January 17, 2017

Half [or less!] of a Procreate ipadpro drawing [using the Apple Pencil] at Go Figure in Collingwood. I will try and find time to play with this some more ....

January 11, 2017

This model is 83 years old - Good for her! Great to get back to some drawing again! A 30 minute sketch at Go Figure in Collingwood.

November 22, 2016

Drawing with an Apple Pencil on ipadpro -
at Go Figure in Collingwood ....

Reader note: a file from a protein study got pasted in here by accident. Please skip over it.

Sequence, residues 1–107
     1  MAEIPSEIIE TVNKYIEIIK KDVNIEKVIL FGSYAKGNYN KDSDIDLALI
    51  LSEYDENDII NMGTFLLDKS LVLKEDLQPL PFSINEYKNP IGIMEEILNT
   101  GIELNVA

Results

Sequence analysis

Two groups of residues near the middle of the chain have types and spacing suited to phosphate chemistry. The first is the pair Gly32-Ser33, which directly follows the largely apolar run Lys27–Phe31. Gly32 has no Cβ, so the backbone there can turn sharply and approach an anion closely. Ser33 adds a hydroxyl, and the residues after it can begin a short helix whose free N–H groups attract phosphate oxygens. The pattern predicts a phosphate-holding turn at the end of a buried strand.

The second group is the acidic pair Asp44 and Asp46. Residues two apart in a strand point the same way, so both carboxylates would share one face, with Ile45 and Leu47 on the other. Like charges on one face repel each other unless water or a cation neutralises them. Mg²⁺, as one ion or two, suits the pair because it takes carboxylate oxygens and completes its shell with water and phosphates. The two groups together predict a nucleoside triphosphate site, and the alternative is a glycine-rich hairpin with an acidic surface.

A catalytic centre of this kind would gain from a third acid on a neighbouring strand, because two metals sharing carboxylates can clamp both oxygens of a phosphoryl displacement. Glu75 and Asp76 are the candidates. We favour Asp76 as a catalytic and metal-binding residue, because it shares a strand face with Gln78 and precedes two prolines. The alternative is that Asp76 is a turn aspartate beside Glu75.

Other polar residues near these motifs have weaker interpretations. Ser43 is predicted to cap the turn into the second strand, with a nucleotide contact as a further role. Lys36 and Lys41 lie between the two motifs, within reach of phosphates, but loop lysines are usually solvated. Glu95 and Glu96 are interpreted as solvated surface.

November 20, 2016

Finally able to post in here [don't know what was wrong and didn't have time [or take time] to find out].  Awfully busy watching the nightmare my neighbours have brought on themselves [2/3 of them don't vote? we do get the government we deserve don't we?] mourning Leonard Cohen and Gwen Ifil as well as listening to Apple Music which is super because they publish the words behind the songs. It is nobodies business if I can't carry a tune! Last but not least I put a bit of paint on this painting. Click to enlarge it - its worth a click!

November 04, 2016